Ideological debate is one component of the intellectual background to Soviet policy-making. Originally published in 1987, this paper explores how Soviet writers wrestle with the challenge to their ideology that is posed by the threat of nuclear war. What, for example, is the relationship between the values of peace and of socialism? What drives the arms race? Is capitalism inherently militaristic, or is a demilitarized capitalism conceivable? Is the outcome of history predetermined or open? It is shown that the range of permissible views is wider than often assumed, and that the constraints of Soviet ideology do not exclude evolution towards a more cooperative approach to international security.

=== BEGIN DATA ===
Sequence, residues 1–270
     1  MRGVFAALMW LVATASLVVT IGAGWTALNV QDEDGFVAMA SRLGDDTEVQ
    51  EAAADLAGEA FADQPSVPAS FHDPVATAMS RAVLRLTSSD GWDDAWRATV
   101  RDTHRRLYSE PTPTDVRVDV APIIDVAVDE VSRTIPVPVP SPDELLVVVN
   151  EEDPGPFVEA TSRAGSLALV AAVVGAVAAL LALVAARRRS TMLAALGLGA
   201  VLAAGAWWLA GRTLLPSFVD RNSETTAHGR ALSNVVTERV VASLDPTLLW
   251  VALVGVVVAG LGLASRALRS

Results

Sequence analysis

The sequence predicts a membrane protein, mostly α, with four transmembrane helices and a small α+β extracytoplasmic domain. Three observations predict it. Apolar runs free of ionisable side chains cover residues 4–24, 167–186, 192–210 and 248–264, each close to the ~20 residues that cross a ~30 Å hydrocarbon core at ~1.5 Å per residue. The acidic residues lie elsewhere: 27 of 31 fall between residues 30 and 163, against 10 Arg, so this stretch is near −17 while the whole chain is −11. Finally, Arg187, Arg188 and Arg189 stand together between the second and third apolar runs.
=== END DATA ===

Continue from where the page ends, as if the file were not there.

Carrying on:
Table of Contents
Acknowledgments. 1. Introduction 2. The Consequences of Nuclear War 3. The Communist Goal Under Threat 4. Peace and the Correlation of Forces 5. The Orthodoxy in Crisis 6. The Value of Peace 7. Capitalism and Militarism 8. Interdependence and Global Problems 9. Whither the Correlation of Forces? 10. Assessment of Political Weights 11. Connections with Policy 12. Implications for the West. Notes. List of the Most Important Soviet Works. Glossary of the Most Important Soviet Authors.